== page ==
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Eales Disease Follow-up

  • Author: Daniel B Roth, MD; Chief Editor: Hampton Roy, Sr, MD  more...
 
Updated: Aug 21, 2014
 

Further Outpatient Care

After scatter laser photocoagulation, monitor the Eales disease patients for regression or progression of neovascularization. Instruct the patient to contact an ophthalmologist if a decrease or change in vision is noted.

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Complications

Complications of retinal neovascularization can lead to severe visual loss due to persistent vitreous hemorrhage and retinal detachment.

Anterior segment neovascularization can cause neovascular glaucoma with resultant visual loss and, occasionally, even loss of the eye.

Peripheral retinal nonperfusion can limit a patient's visual field, and, if the area of nonperfusion extends into the macula, severe visual loss may result. No effective treatment exists to prevent capillary nonperfusion.

Macular puckering has been reported to occur in 3% of eyes after scatter laser photocoagulation treatment of Eales disease.

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Prognosis

More than 90% of Eales disease patients can be brought to a morphological standstill with unchanging visual acuity.

Gieser and Murphy reported that 67% of patients had a final visual acuity in the better eye of 20/40 or better, 24% ranged from 20/50 to 20/200, and 9% were worse than 20/250.[2]

In another study from India, 72% of eyes that underwent vitrectomy for complications of Eales disease maintained a vision of 20/200 or better over 5 years of follow-up care.[21]

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Patient Education

Patients with Eales disease should be educated to report visual symptoms of floaters or decreased vision to their ophthalmologist as soon as possible, in order to implement effective treatment and to prevent the need of vitrectomy surgery for vitreous hemorrhage or retinal detachment.

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Contributor Information and Disclosures
Author

Daniel B Roth, MD Assistant Professor, Department of Ophthalmology, Retina Vitreous Center, University of Medicine and Dentistry of New Jersey-Robert Wood Johnson Medical School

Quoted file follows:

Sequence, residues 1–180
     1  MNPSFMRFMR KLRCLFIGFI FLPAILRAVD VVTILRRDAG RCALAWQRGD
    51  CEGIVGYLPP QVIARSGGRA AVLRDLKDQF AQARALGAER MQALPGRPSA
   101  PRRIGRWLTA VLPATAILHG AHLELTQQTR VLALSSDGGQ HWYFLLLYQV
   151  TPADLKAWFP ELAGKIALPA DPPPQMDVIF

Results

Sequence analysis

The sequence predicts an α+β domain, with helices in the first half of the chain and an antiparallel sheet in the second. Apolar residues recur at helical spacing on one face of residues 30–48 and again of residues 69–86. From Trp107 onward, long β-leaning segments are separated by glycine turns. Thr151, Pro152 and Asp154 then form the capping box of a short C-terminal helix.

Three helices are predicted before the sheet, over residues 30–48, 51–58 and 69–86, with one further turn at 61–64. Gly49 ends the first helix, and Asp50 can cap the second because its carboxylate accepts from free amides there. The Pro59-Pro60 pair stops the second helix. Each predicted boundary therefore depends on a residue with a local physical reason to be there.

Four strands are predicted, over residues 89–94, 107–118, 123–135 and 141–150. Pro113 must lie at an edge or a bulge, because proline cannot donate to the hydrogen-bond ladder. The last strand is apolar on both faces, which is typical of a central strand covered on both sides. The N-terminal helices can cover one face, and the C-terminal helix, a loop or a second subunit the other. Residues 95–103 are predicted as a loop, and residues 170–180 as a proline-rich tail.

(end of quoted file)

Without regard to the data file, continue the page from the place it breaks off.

Daniel B Roth, MD is a member of the following medical societies: American Academy of Ophthalmology, Association for Research in Vision and Ophthalmology, American Society of Retina Specialists, Retina Society, American Medical Association

Disclosure: Nothing to disclose.

Coauthor(s)

Howard F Fine, MD, MHSc Partner, Associated Retina Consultants, Retina Vitreous Center, PA; Co-founder and Chairman of Scientific Advisory Board, Auris Surgical Robotics, Inc

Howard F Fine, MD, MHSc is a member of the following medical societies: American Academy of Ophthalmology, American Medical Association, Association for Research in Vision and Ophthalmology, American Society of Retina Specialists

Disclosure: Nothing to disclose.

Specialty Editor Board

Simon K Law, MD, PharmD Clinical Professor of Health Sciences, Department of Ophthalmology, Jules Stein Eye Institute, University of California, Los Angeles, David Geffen School of Medicine

Simon K Law, MD, PharmD is a member of the following medical societies: American Academy of Ophthalmology, Association for Research in Vision and Ophthalmology, American Glaucoma Society

Disclosure: Nothing to disclose.

Steve Charles, MD Director of Charles Retina Institute; Clinical Professor, Department of Ophthalmology, University of Tennessee College of Medicine

Steve Charles, MD is a member of the following medical societies: American Academy of Ophthalmology, American Society of Retina Specialists, Macula Society, Retina Society, Club Jules Gonin

Disclosure: Received royalty and consulting fees for: Alcon Laboratories.

Chief Editor

Hampton Roy, Sr, MD Associate Clinical Professor, Department of Ophthalmology, University of Arkansas for Medical Sciences

Hampton Roy, Sr, MD is a member of the following medical societies: American Academy of Ophthalmology, American College of Surgeons, Pan-American Association of Ophthalmology

Disclosure: Nothing to disclose.

Additional Contributors

Russell P Jayne, MD Consulting Vitreoretinal Surgeon, The Retina Center at Las Vegas

Russell P Jayne, MD is a member of the following medical societies: American Medical Association, American Society of Cataract and Refractive Surgery, American Society of Retina Specialists

Disclosure: Nothing to disclose.

References
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Eales disease. Fundus photo of the peripheral retina, revealing vascular tortuosity and peripheral retinal neovascularization.
Eales disease. Fluorescein angiogram of late leakage from peripheral retinal neovascularization.
 
 
 
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